Open World Fatigue

While thinking back on some of the biggest games in recent months—games like Dragon Age: Inquisition, Far Cry 4, Assassin’s Creed: Unity, and Sunset Overdrive—I started to notice just how prevalent the open-world format has become. The most popular releases of last year took place in sprawling environments where players could take time off from story missions to complete optional side activities or just explore at their leisure. While each of the games listed above is completely different in plot, setting, and gameplay style, all of them share a basic design structure. Open world games, while always popular in the past, seem to have dominated 2014.

This doesn’t look like it will change anytime soon. Titles like Techland’s Dying Light, Rocksteady Studios’ Batman: Arkham Knight, and Hello Games’ No Man’s Sky have all been advertised with large, “sandbox” style worlds as a main feature. Again, these games couldn’t be less alike in their aesthetic and gameplay systems: one is a first-person, parkour-centred zombie game; one a third-person superhero brawler; and the last a space exploration simulator. But, they’re all titles that emphasize player freedom as a cornerstone of their design.

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There’s nothing wrong with setting games in open worlds, of course. Some of the best experiences are ones where the developer presents players with a large environment to explore, and with almost no restrictions on how they choose to do so. Just the same, the immense popularity of the structure can become tiring. Nearly every game set in a sandbox world features the same world map, dotted with the same mix of main and side missions, the same type of character upgrade paths, and the same smattering of hidden collectables. While all of these elements are fine in a vacuum, the fact that so many mainstream games rely on such frequently repeated gameplay features can become tiring.

This is part of the reason I’m excited for a title like Ready at Dawn/SCE Santa Monica Studio’s The Order: 1886, a game currently getting most of its pre-release coverage from criticism aimed at its hyper-linear campaign design. Though there’s plenty of cause to be concerned about The Order’s reliance on quick-time events and overlong cutscenes, the fact that it looks to be a heavily scripted shooter set in confined spaces doesn’t worry me much. If its developer can tell a good story and craft entertaining action setpieces then a lack of freedom seems just fine. Not every game needs to take place in a massive world, full of optional activities. If the direction of a linear game is solid, restricting player choice can lead to better story pacing and more tightly-honed scenarios. The Order may not end up being particularly good as a whole, but the fact that its vision seems fairly limited could be a positive, not a negative, point.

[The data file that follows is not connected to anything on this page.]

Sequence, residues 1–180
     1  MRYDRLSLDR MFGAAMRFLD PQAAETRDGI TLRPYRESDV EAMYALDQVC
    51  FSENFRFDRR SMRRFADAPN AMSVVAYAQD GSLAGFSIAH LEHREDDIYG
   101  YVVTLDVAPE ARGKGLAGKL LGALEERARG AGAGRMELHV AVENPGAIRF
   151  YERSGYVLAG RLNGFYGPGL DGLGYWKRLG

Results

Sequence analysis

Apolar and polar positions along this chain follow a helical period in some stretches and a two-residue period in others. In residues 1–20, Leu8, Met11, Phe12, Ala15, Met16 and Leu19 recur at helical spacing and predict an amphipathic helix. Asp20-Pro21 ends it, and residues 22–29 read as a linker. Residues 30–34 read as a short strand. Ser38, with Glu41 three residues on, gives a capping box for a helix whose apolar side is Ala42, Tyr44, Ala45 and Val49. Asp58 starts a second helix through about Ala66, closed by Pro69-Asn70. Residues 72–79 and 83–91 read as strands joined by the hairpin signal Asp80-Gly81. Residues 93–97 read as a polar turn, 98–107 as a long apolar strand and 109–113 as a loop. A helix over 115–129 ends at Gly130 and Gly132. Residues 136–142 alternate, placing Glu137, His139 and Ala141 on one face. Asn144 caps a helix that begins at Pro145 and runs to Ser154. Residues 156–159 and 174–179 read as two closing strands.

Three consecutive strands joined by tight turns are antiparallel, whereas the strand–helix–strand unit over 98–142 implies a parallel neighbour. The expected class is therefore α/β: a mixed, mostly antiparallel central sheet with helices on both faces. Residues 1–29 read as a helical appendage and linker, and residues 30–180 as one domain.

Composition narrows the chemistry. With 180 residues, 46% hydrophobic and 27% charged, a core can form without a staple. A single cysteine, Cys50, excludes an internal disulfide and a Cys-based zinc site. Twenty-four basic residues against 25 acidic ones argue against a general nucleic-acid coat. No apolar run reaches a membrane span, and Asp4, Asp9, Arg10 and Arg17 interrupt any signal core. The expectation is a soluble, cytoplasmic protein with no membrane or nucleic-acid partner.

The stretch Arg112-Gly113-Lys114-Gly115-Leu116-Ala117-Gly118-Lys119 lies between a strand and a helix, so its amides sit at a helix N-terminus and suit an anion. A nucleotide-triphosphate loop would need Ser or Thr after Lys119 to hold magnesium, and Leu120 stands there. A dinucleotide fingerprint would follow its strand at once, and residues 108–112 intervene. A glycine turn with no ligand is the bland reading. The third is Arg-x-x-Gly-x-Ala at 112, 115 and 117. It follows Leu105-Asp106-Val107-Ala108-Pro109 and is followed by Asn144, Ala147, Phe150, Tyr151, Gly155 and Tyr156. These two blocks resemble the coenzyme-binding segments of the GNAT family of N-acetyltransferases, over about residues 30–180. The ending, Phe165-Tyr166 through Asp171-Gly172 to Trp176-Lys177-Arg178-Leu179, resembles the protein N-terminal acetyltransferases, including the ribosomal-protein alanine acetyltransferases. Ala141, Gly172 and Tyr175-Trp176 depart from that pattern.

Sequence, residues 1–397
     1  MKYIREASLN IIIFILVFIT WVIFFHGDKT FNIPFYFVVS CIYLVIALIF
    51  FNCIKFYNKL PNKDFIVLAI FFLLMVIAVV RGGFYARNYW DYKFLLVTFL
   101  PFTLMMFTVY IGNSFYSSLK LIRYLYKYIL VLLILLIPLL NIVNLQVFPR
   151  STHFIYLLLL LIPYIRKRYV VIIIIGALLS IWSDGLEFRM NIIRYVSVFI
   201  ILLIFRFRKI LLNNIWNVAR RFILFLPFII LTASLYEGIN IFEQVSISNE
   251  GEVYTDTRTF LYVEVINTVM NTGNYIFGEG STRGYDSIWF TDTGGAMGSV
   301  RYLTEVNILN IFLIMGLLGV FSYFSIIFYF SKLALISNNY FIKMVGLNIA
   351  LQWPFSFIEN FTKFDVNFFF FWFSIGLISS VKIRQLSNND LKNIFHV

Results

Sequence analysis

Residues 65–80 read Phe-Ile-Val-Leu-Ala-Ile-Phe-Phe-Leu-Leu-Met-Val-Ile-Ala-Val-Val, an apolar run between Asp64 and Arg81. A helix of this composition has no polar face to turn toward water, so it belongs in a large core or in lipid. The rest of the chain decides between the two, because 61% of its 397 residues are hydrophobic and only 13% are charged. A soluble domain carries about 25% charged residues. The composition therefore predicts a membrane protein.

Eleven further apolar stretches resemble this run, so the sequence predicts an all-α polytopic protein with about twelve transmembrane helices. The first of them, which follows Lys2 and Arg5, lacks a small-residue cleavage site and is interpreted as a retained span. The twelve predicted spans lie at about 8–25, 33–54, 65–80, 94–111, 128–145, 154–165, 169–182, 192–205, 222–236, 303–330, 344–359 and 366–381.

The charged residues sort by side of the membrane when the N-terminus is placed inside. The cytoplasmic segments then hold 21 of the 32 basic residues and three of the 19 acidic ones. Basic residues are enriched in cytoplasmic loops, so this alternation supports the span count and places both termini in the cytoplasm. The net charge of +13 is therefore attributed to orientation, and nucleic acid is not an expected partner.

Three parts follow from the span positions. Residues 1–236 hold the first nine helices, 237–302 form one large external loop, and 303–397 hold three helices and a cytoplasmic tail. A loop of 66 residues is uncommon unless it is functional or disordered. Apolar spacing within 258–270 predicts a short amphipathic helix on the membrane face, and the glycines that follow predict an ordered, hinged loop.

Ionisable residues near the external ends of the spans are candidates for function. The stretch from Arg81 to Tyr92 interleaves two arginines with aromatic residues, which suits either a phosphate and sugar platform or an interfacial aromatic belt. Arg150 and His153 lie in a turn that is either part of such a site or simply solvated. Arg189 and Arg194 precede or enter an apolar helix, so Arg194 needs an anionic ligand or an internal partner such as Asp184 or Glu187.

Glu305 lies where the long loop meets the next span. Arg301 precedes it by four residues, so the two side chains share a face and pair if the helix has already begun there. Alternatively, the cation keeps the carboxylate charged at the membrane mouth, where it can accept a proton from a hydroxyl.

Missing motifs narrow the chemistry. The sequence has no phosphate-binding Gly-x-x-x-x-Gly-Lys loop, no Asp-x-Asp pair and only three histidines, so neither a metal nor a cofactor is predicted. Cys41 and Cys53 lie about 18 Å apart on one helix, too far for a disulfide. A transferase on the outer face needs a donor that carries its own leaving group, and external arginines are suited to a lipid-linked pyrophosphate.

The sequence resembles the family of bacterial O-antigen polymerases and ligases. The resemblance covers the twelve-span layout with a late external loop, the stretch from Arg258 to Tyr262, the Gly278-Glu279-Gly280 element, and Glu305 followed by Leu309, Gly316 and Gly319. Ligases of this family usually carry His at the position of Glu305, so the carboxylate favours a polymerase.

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It may be, though, that open worlds are the new default for big-budget videogames. While the format makes an awful lot of sense for genres like the role-playing game (The Witcher 3: Wild Hunt’s allegedly enormous environment is only an extension of the smaller, free-roaming maps of its predecessors) it doesn’t have to be a given for action and adventure titles. Kojima Productions’ Metal Gear Solid V: The Phantom Pain is taking the leap to a sandbox world, which may sound great from a gameplay perspective while being slightly worrying for a series traditionally concerned mostly with telling interesting stories. When players are given more freedom to dictate their gameplay experience, developers lose control over the pacing and direction of their narratives, after all. By loosening the reins on the level of guidance provided to players, there’s the distinct risk that storytelling will suffer as a result. When the audience is able to dictate the pace of exposition by taking breaks to run around outside of the main campaign, it becomes much more difficult to keep them engaged in a plot. It’s for reasons like this that open worlds may not be the right fit for every type of game.

The kind of games I like best are typically those that are mainly concerned with presenting focused, carefully designed stories and gameplay scenarios. That doesn’t mean that I’m not interested in other styles of play, only that what attracts me to the medium is something that may be in danger of becoming outmoded. As open worlds gain traction as the preferred format for modern, mainstream titles, I only hope that more linear experiences manage to survive. Environmental design should fit a game’s goals—not the other way around. If this rule is forgotten in favour of the widespread adoption of open worlds, big-budget games will likely be the lesser for it.